There’s a historical significance in seeing death in this way now, and it stands to enrich any notion of the immobile image as it pertains to photographic technology. In the medium’s early history, corpses were perfect subjects, due to the long exposure time of the first film stocks. The first photographic images of death were therefore not of life’s erasure, but its long aftermath—not of its immediate destruction, but the beginning of a slow decomposition. Post-mortem portraits were only popularly superseded by moments of death itself in the mid-twentieth century, most famously in Eddie Adams’s 1968 photograph of South Vietnamese general Nguyen Ngoc Loan shooting Viet Cong commander Nguyen Van Lem in the head. The photograph highlights the agility of the photographic technology as well as that of the photographer, however as Cole notes, “when you see death mediated in this way, pinned down with such dramatic flair, the star is likely to be death itself and not the human who dies. The fact that a photograph exists of a man being shot in the head in Vietnam is easier to remember than Lem’s biography or even his name.”8

Photo: JNA, cabin window (CC BY-NC-SA 2.0).

Of all the visual representations of death, this surveillance video and cell phone camera record from St. Louis watched on a train in Queens left me the most shaken. In watching both still and moving image records, we may look for a crystallization of history in a moment that can spread outwards toward political action. My thought (and to state it, I’m trying to see if it holds up) is that these moments on planes and trains suggest a similar immobility in public life, one linked to a curious parity in our own movement and that of the image. Still for just a moment, along a flight path or subway tracks, a spectatorship attuned to the images of small screens displaying big budget spectacles as well as camera phone pranks and tragedies highlights a crisis of proximity between the viewer and its image, in which demands for rigorous engagement with images and the social realm are newly distinct and entwined.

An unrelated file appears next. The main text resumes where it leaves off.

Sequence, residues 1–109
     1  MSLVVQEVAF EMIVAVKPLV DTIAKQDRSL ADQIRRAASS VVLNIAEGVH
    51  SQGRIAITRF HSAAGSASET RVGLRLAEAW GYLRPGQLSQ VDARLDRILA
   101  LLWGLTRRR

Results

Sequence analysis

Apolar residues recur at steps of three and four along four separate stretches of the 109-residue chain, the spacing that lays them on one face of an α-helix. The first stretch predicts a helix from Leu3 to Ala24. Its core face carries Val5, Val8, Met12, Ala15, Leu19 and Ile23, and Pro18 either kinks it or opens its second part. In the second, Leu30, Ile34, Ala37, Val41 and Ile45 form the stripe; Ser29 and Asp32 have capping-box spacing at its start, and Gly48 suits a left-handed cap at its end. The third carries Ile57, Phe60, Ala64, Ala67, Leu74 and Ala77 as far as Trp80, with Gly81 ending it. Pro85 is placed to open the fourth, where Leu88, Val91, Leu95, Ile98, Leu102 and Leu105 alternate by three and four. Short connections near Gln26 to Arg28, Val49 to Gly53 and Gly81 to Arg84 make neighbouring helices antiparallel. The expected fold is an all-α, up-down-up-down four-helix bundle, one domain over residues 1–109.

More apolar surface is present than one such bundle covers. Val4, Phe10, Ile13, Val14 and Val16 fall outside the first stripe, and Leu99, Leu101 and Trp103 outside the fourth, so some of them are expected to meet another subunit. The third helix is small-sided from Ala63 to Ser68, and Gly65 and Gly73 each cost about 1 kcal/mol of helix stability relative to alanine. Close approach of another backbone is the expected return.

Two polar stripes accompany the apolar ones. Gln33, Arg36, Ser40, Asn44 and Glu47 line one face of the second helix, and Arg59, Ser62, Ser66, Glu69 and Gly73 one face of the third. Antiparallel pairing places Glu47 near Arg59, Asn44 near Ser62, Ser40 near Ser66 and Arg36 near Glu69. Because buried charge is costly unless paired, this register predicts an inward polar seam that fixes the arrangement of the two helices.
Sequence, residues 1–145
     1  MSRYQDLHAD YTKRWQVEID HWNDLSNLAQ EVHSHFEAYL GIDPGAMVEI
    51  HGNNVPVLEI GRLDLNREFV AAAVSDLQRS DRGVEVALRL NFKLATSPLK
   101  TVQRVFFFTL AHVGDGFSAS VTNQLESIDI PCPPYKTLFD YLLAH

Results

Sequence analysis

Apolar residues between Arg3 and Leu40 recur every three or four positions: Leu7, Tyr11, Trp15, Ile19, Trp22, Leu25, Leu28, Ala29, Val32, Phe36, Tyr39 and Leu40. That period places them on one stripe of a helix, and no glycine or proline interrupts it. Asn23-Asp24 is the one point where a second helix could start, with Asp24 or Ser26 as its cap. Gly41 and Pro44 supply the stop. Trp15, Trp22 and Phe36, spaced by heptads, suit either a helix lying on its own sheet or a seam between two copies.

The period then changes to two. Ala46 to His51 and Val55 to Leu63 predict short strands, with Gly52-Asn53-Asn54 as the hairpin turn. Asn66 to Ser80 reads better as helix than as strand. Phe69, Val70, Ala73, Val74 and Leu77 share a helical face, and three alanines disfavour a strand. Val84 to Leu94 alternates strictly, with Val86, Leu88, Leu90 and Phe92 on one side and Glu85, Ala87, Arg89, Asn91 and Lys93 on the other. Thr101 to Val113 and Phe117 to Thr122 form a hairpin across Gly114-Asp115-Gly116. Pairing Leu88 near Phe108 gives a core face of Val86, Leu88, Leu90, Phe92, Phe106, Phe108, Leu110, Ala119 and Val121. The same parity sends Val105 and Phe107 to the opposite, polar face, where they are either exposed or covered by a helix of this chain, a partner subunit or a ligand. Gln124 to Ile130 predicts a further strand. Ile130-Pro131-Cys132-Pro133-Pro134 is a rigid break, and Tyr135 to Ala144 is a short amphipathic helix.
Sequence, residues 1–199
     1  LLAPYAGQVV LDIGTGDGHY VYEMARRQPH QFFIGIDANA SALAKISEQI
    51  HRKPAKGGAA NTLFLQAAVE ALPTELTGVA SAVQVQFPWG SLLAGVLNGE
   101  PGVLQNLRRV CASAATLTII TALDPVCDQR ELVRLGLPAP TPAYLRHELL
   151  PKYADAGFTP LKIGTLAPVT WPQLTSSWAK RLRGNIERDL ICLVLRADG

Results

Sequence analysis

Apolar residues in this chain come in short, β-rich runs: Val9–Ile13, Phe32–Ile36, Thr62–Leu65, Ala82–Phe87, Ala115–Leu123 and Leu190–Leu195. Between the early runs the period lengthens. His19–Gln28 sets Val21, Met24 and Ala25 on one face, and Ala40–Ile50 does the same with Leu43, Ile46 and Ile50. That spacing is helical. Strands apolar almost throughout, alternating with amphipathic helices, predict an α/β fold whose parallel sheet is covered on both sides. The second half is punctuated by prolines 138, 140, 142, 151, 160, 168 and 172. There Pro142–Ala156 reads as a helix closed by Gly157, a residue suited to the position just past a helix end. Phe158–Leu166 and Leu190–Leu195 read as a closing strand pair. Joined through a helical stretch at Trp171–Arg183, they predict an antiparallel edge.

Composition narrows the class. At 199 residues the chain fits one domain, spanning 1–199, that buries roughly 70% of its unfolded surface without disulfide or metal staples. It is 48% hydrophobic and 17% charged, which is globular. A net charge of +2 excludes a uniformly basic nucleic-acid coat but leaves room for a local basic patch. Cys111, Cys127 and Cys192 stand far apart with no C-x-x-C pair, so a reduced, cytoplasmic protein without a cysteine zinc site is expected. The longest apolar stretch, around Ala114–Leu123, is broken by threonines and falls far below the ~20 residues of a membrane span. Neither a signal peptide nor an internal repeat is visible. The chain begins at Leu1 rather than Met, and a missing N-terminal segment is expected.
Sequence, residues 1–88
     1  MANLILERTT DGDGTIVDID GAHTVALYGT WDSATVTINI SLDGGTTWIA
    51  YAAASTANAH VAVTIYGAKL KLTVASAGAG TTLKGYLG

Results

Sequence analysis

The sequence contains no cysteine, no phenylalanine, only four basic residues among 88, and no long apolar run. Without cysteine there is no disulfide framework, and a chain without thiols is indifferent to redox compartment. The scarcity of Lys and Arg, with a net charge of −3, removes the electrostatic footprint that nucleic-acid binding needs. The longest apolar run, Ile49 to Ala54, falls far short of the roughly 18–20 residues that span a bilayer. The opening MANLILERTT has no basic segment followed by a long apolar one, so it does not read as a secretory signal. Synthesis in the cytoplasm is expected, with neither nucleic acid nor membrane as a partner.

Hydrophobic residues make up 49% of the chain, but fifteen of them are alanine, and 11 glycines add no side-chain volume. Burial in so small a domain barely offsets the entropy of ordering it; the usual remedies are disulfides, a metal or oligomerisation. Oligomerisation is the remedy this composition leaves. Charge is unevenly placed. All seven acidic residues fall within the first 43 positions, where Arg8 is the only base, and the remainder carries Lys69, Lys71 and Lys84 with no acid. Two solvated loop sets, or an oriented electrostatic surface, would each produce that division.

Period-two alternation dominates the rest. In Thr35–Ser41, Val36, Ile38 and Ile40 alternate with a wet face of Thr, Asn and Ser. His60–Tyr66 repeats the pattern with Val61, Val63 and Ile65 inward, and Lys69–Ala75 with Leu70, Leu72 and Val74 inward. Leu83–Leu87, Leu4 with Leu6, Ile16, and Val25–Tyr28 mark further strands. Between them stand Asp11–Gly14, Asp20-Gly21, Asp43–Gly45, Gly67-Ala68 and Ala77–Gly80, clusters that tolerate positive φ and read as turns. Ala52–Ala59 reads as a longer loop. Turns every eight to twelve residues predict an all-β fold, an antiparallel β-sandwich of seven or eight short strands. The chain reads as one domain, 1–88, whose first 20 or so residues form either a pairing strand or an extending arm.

Joel Neville Anderson

PhD Student, Visual and Cultural Studies, University of Rochester

  1. Serge Daney, “From Movies To Moving,” Documenta Documents 2, trans. Brian Holmes (Ostfildern: Cantz, 1996); first published in French in La Recherche photographique, no. 7 (1989), http://signododragao.blogspot.co.uk/2006/05/from-movies-to-moving.html.
  2. Daney.
  3. Daney.
  4. Daney.
  5. Miriam Bale, Twitter post, August 20, 2014, 6:04 p.m., https://twitter.com/mimbale/status/502259877088354304.
  6. Teju Cole, “Death in the Browser Tab,” The New York Times Magazine, May 21, 2015, http://www.nytimes.com/2015/05/24/magazine/death-in-the-browser-tab.html?_r=0.
  7. Cole.
  8. Cole.